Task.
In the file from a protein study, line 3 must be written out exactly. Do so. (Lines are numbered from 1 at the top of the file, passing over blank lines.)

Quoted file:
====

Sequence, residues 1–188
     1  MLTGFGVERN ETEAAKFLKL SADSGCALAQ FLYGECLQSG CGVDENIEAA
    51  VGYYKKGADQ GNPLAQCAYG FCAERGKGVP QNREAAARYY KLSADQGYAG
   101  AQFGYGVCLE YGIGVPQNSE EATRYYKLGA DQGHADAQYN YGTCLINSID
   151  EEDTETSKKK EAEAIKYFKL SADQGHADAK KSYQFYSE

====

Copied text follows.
    51  VGYYKKGADQ GNPLAQCAYG FCAERGKGVP QNREAAARYY KLSADQGYAG